The aim of meditation is to encourage a greater understanding of what is going on in mind. We may focus on one aspect of our mental state: the breath, feelings, awareness, our thoughts, but through it all we try to cultivate interest and curiosity about what is arising in our minds.
There are many forms of meditation. I was taught both Vipassana (inquiry, noticing) and Samadhi (concentration, jhanas) meditation techniques. My preferred technique is Recollective Awareness, as developed by Jason Siff. This is a meditation technique that emphasizes gentleness and openness: allowing your mind to go wherever it wants during meditation, even if you end up “lost” in your thoughts or drifting.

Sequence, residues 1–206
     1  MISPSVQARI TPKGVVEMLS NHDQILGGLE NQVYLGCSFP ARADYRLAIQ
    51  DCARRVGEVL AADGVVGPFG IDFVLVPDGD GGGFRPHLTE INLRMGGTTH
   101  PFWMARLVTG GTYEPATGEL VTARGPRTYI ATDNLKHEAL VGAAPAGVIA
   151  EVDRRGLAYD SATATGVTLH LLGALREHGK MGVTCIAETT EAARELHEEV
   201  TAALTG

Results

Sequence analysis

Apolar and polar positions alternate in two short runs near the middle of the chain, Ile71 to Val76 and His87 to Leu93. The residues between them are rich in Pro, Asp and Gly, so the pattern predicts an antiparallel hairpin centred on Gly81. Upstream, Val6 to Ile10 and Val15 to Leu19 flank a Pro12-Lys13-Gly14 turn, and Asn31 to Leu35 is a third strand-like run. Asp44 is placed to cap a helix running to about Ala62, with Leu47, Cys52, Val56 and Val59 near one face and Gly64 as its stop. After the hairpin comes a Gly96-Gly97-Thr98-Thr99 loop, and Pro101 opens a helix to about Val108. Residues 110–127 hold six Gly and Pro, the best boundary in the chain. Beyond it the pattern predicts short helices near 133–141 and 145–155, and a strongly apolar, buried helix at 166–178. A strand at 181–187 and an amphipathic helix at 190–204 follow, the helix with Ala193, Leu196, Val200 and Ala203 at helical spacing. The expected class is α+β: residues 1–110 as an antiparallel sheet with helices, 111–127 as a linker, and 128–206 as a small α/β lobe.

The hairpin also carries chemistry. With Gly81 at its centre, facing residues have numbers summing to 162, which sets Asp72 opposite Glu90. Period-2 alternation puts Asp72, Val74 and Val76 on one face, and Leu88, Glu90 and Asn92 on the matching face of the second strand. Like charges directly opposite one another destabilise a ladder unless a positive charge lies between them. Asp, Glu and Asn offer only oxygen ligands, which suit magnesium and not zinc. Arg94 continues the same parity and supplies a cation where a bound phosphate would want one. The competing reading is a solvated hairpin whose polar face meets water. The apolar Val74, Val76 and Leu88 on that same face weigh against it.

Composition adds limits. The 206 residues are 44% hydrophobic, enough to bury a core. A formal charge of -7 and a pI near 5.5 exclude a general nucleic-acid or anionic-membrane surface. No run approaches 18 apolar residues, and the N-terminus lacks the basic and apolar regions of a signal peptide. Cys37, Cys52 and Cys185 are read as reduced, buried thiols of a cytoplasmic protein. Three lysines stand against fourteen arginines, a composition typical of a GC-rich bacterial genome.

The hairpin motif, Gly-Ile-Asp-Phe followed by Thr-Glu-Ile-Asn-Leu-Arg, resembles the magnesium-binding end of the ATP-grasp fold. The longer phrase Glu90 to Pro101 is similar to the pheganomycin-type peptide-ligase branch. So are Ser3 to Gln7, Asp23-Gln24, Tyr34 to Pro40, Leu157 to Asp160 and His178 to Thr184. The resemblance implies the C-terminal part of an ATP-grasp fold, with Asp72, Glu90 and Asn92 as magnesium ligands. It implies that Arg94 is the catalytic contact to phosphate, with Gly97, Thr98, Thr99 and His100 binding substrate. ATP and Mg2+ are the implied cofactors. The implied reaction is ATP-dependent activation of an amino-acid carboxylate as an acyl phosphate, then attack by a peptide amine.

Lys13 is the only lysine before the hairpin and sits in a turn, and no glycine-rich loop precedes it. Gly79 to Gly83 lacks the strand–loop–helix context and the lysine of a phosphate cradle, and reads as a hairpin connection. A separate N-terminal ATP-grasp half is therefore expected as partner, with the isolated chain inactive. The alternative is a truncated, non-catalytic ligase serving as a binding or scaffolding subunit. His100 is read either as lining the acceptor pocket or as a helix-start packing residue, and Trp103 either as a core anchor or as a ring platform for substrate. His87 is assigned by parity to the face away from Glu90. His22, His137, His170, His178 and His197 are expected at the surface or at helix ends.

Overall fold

Unlearning Meditation: What to Do When the Instructions Get In the Way, by Jason Siff
I highly recommend Recollective Awareness for those who want to try a different approach from the usual “sit down and watch your breath.” Good for people having difficulties or questions about their practice or wanting to try something a little different.
That being said, I am open to discussing any meditation you are currently practicing. Meditation is not “one size fits all” and you may find some methods work better for you than others.